These balls of light can be opened up to reveal character interactions using the Dualshock 4's motion controls.
These balls of light can be opened up to reveal character interactions using the Dualshock 4’s motion controls.

In terms of gameplay, this is where the game faces division amongst those who played it, as it is quite simplistic. Controlling your character through first person perspective, you traverse through each area discovering information by interacting with radios, telephones, and other electrical equipment by pressing X, and unlocking scenes of character interaction by using the motion controls on the Dualshock 4 to open up balls of light. After the novelty of using the motion controls wears off you realise this was probably implemented to detract from the mundane nature of only pressing X. However, the most irksome mechanic, in my opinion, was the speed in which you walked around the town. Only through a chance read of the Playstation blog did I find out that you could hold the R2 button to increase the speed of walking, something that is not made apparent unless you read the instructions manual webpage. Even so, the increase in speed is really not that massive, which can become tiring as the game encourages you to explore every nook and cranny of the world (which was a lot larger than I expected) and to use footpaths that can help you backtrack through each area, with the reward of a trophy for finding each of these sometimes hidden pathways. By the end of the game I was so tired of backtracking to try and find every piece of information that I just played through the main story knowing I had missed a few pieces of information which could have impacted some of the storylines. One small thing that could have been included that would have also helped avoid this annoyance would be the inclusion of a map in the pause menu. There are many maps around the different areas with ‘You are here’ markers, but it is easy to lose track after walking away from these and can become a task to try and remember where the maps are.

The graffiti you come across sadly represents Britain too well.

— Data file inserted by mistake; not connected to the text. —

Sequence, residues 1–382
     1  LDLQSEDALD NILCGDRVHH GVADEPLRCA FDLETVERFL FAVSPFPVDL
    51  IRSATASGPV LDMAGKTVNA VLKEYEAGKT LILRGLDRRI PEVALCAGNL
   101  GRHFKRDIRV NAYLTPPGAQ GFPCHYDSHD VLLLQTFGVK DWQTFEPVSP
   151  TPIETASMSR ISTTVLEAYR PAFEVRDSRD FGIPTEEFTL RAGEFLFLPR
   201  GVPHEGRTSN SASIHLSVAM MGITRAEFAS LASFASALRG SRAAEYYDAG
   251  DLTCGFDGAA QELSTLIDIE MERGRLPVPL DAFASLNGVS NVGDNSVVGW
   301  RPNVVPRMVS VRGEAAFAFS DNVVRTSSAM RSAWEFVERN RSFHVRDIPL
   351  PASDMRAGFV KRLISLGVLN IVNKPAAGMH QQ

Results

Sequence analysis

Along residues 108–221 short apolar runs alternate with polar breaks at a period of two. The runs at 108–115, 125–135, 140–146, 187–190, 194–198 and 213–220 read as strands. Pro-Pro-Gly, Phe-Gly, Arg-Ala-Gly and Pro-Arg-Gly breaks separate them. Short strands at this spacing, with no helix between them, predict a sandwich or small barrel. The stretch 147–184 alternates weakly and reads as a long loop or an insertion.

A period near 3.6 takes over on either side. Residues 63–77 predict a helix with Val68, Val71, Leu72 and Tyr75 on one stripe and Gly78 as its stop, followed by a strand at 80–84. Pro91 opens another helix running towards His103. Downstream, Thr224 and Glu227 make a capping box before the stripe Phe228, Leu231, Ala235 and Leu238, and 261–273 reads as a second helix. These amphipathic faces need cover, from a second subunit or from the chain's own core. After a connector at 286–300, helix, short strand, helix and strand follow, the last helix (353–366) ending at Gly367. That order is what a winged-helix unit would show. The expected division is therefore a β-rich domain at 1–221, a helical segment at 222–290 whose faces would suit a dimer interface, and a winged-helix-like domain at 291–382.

The graffiti you come across sadly represents Britain too well.

Despite some annoying mechanics Everybody’s Gone to the Rapture redeems itself through its beautiful environment and sound design. Using the rural British setting may create a little bias in my opinion as a Brit, but I think there is an undeniable charm to the town that has been achieved through the design, and the range of different areas to explore, including a typical British seaside caravan park, encompasses British culture down to a T. In each area, the weather and the colour of the sky differs which works well in combination with the different themes and stories that are presented in each area. There has also been a lot of attention to detail in both the sound and environment design, with simple things like graffiti in bus stops that you could swear you’ve seen in your own town, or the changing sound of the rain when walking into a caravan from outside and hearing that tinny pittering that brings back memories of seaside holidays as a child. The soundtrack to the game is excellent, being able to evoke sadness and drama in combination with certain storylines, and swiftly changing to eerie and mysterious music to bring you back to your main goal of solving the game’s mystery.

The game's environments are stunning, with different weather representing a range of themes.
The game’s environments are stunning, with different weather representing a range of themes.

Everybody’s Gone to the Rapture is not a bad game. It has some annoying gameplay mechanics and at times the story can seem a bit messy and thin. However, the concept for the game is interesting and it does manage to evoke the sense of mystery that it aims to achieve. The beautiful landscapes and music do immerse you into the game’s setting. But for those who don’t have the patience to walk around a rural British town for 5-6 hours at a slow pace with little action, and are not too fussed on delving deep into the story’s sometimes-complex themes, then this game probably isn’t for you.

Thanks for reading! Have you played Everybody’s Gone to the Rapture? Leave a comment on your thoughts, I would love to hear them.